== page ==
Koya started boxing 5 years ago when him and his mother decided to take a Kickboxing class together. “I did it to lose weight” exclaims Koya with slightly outstretched hands and makes a little shrug. I was flabbergasted and exclaimed ‘There are so many ways you could lose weight!” he responds with “I don’t know. It’s really not that special.”
He may not think it special, but you the effects of his actions cannot be denied.
“Boxing, the thrill of being able to interact with your opponent. It’s really interesting because there are no words. All that it is is just your stare and you pretty much talk through your fist. And I think that kind of communication is unique, different form the usual verbal interaction that you would experience.
One day, when one my friends — he has been boxing since he was little — decided to pull me over. He brought me into a ring and he just started hitting me. Hitting me, showing me all his techniques. That sort of sparked something in me, all at once, that he was this tough person that he could just sort of punch so elegantly. That he could communicate his techniques with me in such a way and I began to learn from him and that is why I continue to box today. And I just want to one day match him. To be able to fight one on one.”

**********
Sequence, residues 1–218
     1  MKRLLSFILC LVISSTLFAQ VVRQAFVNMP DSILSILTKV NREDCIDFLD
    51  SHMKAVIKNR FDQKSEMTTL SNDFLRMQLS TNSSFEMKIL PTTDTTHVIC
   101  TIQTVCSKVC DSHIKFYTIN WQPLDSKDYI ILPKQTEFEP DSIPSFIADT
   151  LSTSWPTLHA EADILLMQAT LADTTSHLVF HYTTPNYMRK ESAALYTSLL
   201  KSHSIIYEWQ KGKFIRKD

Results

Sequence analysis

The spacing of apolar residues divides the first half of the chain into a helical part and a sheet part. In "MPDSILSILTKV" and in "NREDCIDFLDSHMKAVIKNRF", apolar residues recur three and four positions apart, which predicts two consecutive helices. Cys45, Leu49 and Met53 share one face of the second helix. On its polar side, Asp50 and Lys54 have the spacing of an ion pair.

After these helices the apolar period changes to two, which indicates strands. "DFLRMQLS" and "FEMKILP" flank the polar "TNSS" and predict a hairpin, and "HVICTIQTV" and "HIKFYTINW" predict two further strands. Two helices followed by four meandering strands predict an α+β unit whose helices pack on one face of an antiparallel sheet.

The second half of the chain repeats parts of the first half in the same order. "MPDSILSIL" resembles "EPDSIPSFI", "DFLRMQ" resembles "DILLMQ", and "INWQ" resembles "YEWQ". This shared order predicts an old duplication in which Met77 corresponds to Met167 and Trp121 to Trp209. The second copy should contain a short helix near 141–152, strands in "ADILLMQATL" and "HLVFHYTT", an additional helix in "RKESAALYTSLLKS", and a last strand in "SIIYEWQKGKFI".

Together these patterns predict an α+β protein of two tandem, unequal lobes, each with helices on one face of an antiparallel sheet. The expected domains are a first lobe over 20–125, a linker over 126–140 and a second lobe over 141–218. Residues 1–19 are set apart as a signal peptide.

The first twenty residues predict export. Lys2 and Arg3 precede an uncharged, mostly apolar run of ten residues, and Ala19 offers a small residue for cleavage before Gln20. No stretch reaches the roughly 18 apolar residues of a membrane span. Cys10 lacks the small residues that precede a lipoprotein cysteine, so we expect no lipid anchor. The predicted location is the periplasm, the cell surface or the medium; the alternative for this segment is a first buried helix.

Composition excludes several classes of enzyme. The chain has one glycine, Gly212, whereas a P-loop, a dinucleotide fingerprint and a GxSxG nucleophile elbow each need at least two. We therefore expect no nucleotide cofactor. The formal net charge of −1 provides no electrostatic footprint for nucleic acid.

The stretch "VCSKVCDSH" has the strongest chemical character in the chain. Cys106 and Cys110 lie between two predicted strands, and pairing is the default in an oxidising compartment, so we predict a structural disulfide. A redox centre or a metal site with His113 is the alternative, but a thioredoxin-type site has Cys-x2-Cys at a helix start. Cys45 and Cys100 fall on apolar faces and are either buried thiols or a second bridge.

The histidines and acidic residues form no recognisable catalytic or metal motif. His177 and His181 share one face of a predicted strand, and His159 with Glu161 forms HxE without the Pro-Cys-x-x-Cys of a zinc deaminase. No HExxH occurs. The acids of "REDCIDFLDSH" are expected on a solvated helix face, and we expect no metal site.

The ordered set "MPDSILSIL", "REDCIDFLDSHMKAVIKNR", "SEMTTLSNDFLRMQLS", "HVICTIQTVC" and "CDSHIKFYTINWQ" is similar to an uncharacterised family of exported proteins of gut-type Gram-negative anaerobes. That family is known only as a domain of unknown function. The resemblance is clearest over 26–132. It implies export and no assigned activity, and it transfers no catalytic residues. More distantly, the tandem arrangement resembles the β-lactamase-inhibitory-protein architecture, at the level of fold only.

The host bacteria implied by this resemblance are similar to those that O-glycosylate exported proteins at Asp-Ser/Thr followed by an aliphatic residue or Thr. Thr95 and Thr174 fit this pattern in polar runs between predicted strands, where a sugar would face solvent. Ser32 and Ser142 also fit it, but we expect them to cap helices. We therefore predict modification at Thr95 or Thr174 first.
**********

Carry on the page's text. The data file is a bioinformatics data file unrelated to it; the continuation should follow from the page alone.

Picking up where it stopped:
Koya is a local of Paris — half French and half Japanese.
“You can feel the difference of culture when boxing, the social background too. My Italian teacher was more expressive in his boxing style. I trained in Japan at a club that was in the middle of the financial district so it was very clean, almost too clean.
The trainings were planned in advance and there was no spirit whatsoever I was very disappointed but I guess that I learnt that some people consider boxing solely as a way of relaxing and that’s it. Almost like a tool you know? It had to be cost efficient… Boxing was not supposed to bring you a feeling of pleasure but relax you as much as it could before returning to your shitty salary man in the financial district life. Which is not our point of view.